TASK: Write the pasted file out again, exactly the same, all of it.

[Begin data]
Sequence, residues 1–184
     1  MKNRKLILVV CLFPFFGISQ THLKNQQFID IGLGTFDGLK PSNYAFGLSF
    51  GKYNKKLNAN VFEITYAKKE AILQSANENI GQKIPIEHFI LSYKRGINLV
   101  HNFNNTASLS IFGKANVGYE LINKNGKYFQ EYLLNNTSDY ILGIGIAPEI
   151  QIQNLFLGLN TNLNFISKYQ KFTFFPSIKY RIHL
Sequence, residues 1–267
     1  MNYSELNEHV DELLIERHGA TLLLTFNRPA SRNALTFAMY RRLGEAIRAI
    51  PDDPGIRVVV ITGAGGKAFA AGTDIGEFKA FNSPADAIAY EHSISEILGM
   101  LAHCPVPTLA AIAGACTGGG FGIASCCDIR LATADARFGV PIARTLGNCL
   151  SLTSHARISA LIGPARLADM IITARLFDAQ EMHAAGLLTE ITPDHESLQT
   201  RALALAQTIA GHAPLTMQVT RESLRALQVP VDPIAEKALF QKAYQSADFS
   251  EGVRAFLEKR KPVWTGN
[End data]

Sequence, residues 1–184
     1  MKNRKLILVV CLFPFFGISQ THLKNQQFID IGLGTFDGLK PSNYAFGLSF
    51  GKYNKKLNAN VFEITYAKKE AILQSANENI GQKIPIEHFI LSYKRGINLV
   101  HNFNNTASLS IFGKANVGYE LINKNGKYFQ EYLLNNTSDY ILGIGIAPEI
   151  QIQNLFLGLN TNLNFISKYQ KFTFFPSIKY RIHL
Sequence, residues 1–267
     1  MNYSELNEHV DELLIERHGA TLLLTFNRPA SRNALTFAMY RRLGEAIRAI
    51  PDDPGIRVVV ITGAGGKAFA AGTDIGEFKA FNSPADAIAY EHSISEILGM
   101  LAHCPVPTLA AIAGACTGGG FGIASCCDIR LATADARFGV PIARTLGNCL
   151  SLTSHARISA LIGPARLADM IITARLFDAQ EMHAAGLLTE ITPDHESLQT
   201  RALALAQTIA GHAPLTMQVT RESLRALQVP VDPIAEKALF QKAYQSADFS
   251  EGVRAFLEKR KPVWTGN